MacBook Pros were not built to run slow – quite the contrary. They are sleek, elegant, but most of all, they are efficient computers, which have been perpetually optimized to withstand the test of time at maximum efficiency. So what can you do if your MacBook Pro is running slow? Luckily, you’ve got several solutions you can test out, such as the three tips and tricks we’re featuring below. Check them out and let us know in the comment section if any of them helped solve your problem.
If your MacBook Pro is running slow, reset the SMC
All MacBook Pros come with an inbuilt System Management Controller, which is, indeed, responsible for a lot of the computing power you’ve got under the hood. As the name suggests, it is that hardware function that will control your system and make it run – whether properly or not. Now, if you’re not the technical type, you might be a bit anxious about acting upon a function called ‘system management controller’. For the purpose of this discussion, all you need to know is that you would not be inflicting any permanent damage to your MacBook Pro or the proper functioning of its system. You need to turn the machine off, make sure it’s plugged in, then hold Left Shift, Option, Control and the Power Button all at the same time, for ten seconds. Release the keys and turn on the machine. In case it turns on as you’re holding the keys pressed down, you probably didn’t manage to keep them all properly pressed, so you need to start over.
Your apps might be resource-hogs
As you may well know, not all Mac apps are created equal – some are more efficient, while others can turn into absolute resource hogs. If your MacBook Pro is running slow, apps might very well be the reason, so one of the tests you need to run is check to see how much of your processor each app is using up. You can find stats on processor usage on your MacBook Pro in the Activity Monitor, which is located in the Utilities section of your Application Folder. The monitor displays various CPU usage statistics, but the one you are most interested in, as far as app efficiency goes is the % Idle stat. This statistic should not be below 50-60% per cent at all times – and if it is, you should take it as a hint that some of the apps you have installed are not doing your machine any good. You can easily identify those that you would be better off without via the same Activity Monitor and should also uninstall them as soon as possible.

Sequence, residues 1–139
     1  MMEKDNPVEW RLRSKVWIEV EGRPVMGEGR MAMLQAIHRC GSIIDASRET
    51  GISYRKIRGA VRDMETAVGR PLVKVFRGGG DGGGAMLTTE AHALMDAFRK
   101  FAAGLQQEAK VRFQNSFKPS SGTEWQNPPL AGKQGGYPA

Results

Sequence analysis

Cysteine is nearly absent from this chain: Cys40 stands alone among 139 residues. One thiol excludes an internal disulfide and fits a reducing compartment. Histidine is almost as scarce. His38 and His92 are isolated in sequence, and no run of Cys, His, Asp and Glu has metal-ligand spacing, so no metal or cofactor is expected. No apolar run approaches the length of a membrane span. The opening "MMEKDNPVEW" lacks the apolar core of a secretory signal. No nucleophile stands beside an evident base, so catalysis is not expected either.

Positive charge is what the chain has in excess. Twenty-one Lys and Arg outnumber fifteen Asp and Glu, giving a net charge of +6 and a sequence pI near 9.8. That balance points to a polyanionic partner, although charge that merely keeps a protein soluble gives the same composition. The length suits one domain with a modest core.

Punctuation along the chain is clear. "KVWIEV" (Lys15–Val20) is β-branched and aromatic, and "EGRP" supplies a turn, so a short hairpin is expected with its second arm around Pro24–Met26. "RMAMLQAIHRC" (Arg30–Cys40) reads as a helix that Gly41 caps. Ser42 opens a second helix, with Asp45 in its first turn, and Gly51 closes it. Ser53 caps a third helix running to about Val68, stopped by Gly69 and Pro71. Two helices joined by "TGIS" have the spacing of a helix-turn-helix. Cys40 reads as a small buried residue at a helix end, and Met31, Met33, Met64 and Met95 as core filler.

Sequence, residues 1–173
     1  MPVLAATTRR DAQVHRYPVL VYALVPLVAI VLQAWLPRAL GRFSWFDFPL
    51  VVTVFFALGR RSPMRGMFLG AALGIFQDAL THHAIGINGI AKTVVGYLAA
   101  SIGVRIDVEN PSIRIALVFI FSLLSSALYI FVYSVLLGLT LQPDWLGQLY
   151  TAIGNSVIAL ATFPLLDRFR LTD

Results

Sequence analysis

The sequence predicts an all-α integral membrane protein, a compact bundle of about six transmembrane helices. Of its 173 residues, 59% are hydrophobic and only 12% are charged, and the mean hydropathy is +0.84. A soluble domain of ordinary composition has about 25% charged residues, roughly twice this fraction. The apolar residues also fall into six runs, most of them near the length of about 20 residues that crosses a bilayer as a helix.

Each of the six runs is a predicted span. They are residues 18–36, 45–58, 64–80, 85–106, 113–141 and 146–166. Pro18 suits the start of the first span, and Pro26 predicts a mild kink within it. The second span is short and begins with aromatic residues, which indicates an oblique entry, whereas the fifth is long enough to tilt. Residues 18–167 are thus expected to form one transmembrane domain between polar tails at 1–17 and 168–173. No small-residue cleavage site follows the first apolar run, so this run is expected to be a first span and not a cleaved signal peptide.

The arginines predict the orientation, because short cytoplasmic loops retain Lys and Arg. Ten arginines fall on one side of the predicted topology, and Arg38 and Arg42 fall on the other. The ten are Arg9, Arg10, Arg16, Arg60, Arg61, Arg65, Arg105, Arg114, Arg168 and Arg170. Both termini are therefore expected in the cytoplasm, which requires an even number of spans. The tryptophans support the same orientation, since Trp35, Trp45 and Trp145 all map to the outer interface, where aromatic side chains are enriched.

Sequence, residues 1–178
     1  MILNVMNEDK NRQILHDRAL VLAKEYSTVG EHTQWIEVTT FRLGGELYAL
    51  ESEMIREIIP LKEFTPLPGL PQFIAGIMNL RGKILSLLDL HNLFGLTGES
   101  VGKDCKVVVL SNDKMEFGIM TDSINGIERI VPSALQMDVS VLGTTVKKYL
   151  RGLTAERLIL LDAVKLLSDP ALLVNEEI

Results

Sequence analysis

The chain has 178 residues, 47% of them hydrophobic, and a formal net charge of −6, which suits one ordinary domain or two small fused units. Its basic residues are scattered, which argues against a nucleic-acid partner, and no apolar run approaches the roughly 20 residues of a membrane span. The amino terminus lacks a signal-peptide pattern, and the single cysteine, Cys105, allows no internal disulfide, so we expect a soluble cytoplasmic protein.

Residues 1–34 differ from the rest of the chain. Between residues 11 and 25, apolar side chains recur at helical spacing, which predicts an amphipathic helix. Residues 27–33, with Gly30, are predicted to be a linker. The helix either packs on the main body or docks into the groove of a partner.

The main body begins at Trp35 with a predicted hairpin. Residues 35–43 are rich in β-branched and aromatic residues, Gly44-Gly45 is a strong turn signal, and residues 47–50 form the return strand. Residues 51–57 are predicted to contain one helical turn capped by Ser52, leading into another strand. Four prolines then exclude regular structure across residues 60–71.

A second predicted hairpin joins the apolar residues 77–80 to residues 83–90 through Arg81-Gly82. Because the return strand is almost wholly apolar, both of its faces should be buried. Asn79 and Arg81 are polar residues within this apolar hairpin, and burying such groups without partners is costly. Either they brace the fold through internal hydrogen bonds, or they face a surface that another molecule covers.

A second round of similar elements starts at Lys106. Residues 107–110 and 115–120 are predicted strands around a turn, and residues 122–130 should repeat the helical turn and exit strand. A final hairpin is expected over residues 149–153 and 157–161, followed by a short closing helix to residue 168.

Using any pointless features?
By and large, MacBook Pros are recognized for their efficiency, which, of course, makes it all the more frustrating to discover that your MacBook Pro is running slow. As you try to figure out the reason for which this is happening, you might unearth some features that your machine is using that you really have no need for, such as Spotlight Search. What newbie OS X users usually don’t know is that the operating system comes with an inbuilt search engine, which indexes all he data on your hard drive. Of course, this can be very useful when you change file systems, perform an update on your system, or even when you connect a portable storage device or another hard drive. This can become particularly unnerving if you’re using an HDD, not an SDD on your MacBook Pro. Luckily, Spotlight indexing is easy to deactivate, as it shows whether or not it’s active in the search engine’s menu, in the upper right corner of the screen.